DeFrancesco clipped the apron while attempting to go three wide on the bottom in Turn 3, sliding up into Rahal (who collected Castroneves).

“I was certainly trying to give Helio as much room as I can,” Rahal said. “It’s just tight confines. As I said to Devlin, I think he’s got a bright future, but he punted Takuma (Sato) earlier in the race. You’ve got to learn from these mistakes. It’s tight in there, but you’re hoping you realize you’ve got bail out at speeds like this.”

DeFrancesco earlier had a wobble that led to contact with the left front of Sato, who slid up to brush the SAFER barrier in Turn 2 and cause a caution on Lap 99.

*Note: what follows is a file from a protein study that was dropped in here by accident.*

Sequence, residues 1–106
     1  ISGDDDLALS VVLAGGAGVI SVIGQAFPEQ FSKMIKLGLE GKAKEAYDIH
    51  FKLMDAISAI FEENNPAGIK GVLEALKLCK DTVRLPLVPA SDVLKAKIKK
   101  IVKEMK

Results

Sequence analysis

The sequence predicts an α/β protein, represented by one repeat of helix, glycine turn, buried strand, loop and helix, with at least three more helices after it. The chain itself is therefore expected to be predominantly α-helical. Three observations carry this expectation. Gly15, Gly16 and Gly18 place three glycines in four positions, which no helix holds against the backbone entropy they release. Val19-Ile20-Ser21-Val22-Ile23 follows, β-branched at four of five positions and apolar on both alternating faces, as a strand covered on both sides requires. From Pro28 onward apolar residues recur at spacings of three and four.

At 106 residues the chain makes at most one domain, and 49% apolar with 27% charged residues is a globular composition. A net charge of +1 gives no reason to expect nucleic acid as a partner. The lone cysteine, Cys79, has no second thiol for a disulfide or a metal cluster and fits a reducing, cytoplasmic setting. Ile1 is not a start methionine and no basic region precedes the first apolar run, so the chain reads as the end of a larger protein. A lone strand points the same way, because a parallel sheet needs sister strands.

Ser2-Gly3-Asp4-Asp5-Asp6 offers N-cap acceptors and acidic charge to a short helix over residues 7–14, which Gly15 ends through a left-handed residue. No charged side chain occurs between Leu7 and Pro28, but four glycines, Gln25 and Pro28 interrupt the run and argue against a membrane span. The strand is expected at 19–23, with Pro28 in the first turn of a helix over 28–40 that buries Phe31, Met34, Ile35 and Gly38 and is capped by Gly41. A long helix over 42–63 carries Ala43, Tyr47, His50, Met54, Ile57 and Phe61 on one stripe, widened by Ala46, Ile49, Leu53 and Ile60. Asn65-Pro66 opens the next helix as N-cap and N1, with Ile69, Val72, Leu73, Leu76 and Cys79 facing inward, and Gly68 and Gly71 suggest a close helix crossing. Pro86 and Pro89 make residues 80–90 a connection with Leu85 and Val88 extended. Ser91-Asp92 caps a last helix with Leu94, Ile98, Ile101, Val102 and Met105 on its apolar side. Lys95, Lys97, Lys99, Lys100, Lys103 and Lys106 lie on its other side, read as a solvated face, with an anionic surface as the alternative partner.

On the lap after the Lap 113 start, rookie Kyle Kirkwood spun into the Turn 4 wall after losing control while trying to pass DeFrancesco on the outside.

“I was good at first, around outside of Devlin,” Kirkwood said. “He wiggled a little bit and came up on me and pushed me just too far. Once, I caught it, and the next time, there was no catching it. Unfortunately, I was just forced up there.”

After a disappointing 20th in the Firestone Grand Prix of St. Petersburg season opener, Alexander Rossi’s start to the 2022 season got even worse at Texas.

Rossi was ruled to have jumped the start, but before the Andretti Autosport driver could serve the drive-through penalty, his No. 27 Dallara-Honda began slowing on the backstretch to trigger the first caution on Lap 12.

“We were losing voltage from the start of the race,” Rossi told Lee. “It just got exponentially worse until the battery just died. Here we are.”

It was the second consecutive race at Texas in which Rossi retired within the first 20 laps. Last year, he crashed coming to the start.